UnityPoint Health – Cedar Rapids opens medtech innovation hub
The following article was originally published in the Corridor Business Journal’s Business Daily on November 22, 2019.
UnityPoint Health – Cedar Rapids on Thursday cut the ribbon on generate @ St. Luke’s, a new open-access medical technology and learning lab designed to encourage innovation at hospital bedsides and within its clinics.
UnityPoint Health – Cedar Rapids partnered with Boston-based MakerHealth for the construction and ideation of the new lab. MakerHealth, a spinoff of the Massachusetts Institute of Technology’s Little Devices Lab, is a pioneer in hospital makerspaces, and its principals have over a decade of experience bringing the tools of innovation to the point of care so that clinicians and patients can create health care devices.
The Cedar Rapids facility is the first hands-on fabrication lab of its kind in the Midwest and the third of its kind in the United States.
Generate @ UnityPoint Health – Cedar Rapids will provide a designated space in the hospital where hospital and clinic nurses, physicians, team members, patients and community partners can transform their ideas for improving patient care into tangible prototypes to be tested and reviewed for implementation.
UnityPoint Health – Cedar Rapids previously worked with MakerHealth and the MakerNurse community for nearly two years, hosting seven pop-up lab events in the hospital and community that resulted in 57 projects made by clinicians, with 11 of those already in use at St. Luke’s and its clinics. These projects include a sensor system, designed and made by St. Luke’s Wound Clinic nurse Christina Ross, which was connected to a wound vac device to alert nurses via text message when the system pressure is low. Others included a 3-D printed case for medication vials to prevent needle sticks in the operating room, and a silicone frame for a virtual reality mask.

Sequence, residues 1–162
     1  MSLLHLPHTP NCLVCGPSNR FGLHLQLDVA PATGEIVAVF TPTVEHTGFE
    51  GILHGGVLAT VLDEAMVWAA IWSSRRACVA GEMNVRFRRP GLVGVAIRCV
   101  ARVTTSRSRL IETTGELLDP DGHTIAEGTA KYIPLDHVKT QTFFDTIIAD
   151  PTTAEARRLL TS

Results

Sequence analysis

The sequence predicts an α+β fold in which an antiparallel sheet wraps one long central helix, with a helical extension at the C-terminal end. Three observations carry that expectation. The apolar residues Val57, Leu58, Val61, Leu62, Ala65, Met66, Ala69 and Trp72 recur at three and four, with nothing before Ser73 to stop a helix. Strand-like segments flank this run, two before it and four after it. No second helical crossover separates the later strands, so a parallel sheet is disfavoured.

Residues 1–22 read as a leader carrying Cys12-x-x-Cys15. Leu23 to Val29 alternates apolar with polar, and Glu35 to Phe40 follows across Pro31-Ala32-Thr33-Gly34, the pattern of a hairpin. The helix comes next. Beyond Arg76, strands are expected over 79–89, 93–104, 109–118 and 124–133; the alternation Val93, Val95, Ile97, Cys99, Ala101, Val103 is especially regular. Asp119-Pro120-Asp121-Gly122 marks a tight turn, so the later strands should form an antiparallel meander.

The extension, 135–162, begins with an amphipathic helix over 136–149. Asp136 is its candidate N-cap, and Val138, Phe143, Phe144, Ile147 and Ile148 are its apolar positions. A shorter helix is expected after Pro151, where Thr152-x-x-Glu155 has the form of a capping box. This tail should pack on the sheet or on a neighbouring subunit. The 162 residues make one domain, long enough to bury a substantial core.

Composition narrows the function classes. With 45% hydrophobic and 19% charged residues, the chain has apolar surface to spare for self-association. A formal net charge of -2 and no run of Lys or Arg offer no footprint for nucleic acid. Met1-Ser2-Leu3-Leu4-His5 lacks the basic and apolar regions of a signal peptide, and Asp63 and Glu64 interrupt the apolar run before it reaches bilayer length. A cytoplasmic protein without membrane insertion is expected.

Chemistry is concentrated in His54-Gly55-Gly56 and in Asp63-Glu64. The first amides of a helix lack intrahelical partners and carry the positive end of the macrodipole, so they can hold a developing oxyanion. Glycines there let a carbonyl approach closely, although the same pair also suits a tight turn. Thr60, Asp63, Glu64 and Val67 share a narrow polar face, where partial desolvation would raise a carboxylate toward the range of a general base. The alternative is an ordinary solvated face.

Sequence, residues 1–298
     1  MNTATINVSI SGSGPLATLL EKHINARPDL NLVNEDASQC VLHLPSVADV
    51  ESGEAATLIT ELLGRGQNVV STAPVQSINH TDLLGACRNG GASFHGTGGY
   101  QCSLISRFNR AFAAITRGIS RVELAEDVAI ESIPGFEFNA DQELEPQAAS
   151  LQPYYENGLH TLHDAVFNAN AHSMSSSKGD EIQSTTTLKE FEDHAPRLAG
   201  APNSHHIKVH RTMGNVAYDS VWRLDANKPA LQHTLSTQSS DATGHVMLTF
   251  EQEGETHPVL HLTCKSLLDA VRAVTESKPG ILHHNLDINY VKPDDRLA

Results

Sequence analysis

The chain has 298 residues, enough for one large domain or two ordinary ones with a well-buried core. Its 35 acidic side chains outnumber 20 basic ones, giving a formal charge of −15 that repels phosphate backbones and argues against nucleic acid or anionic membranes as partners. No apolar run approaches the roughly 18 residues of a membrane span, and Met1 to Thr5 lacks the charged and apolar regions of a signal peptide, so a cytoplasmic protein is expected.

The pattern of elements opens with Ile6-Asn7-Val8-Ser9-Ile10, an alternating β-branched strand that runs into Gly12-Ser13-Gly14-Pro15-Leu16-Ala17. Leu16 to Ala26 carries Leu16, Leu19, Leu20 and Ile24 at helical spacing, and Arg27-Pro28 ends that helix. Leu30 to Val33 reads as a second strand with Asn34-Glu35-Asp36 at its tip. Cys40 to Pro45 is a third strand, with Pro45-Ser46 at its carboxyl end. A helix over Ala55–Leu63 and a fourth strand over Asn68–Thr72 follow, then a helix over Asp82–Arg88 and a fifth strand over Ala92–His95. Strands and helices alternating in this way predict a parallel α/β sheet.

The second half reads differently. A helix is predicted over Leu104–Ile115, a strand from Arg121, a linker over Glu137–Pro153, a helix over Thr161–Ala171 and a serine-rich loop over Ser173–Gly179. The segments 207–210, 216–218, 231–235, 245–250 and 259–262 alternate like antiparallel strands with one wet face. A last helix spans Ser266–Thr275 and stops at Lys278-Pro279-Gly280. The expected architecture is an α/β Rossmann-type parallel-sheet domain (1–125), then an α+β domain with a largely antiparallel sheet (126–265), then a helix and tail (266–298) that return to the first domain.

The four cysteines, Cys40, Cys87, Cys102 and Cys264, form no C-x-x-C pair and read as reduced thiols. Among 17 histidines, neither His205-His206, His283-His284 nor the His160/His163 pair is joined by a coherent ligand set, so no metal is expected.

“I learned about the MakerNurse community about 18 months ago when I was working on my doctoral project,” said Rose Hedges, St. Luke’s nursing research and local MakerNurse champion, in a release. “The program taps into the ingenuity of nurses. For decades nurses have used everyday materials to improve upon and create new tools and devices, which allow us to provide better care for patients. It’s an international program that supports this work.”
Generate @ St. Luke’s includes several rooms within the space for collaborative meetings, a workshop area, digital fabrication equipment such as 3-D printers and a laser cutter, and medical-grade fabrication materials for designing and prototyping. UnityPoint Health – Cedar Rapids employees will have access to technology training resources on topics such as 3-D printing patient data, creating connected connected health devices, and fabrication of simulation models and smart systems.
In addition to generate @ St. Luke’s Hospital, there will be two St. Luke’s MakerHealth satellite labs with medical fabrication resources at Witwer Children’s Therapy locations in Cedar Rapids and Hiawatha. They join a growing network of MakerHealth hospitals including Beth Israel Deaconess Medical Center (BIDMC) in Boston, University of Texas Medical Branch in Galveston, Texas, and Hospital Negrin in Las Palmas Gran Canaria, Spain.
IMAGE: A look inside the new generate @ St. Luke’s space inside UnityPoint Health – St. Luke’s Hospital in Cedar Rapids. CREDIT UNITYPOINT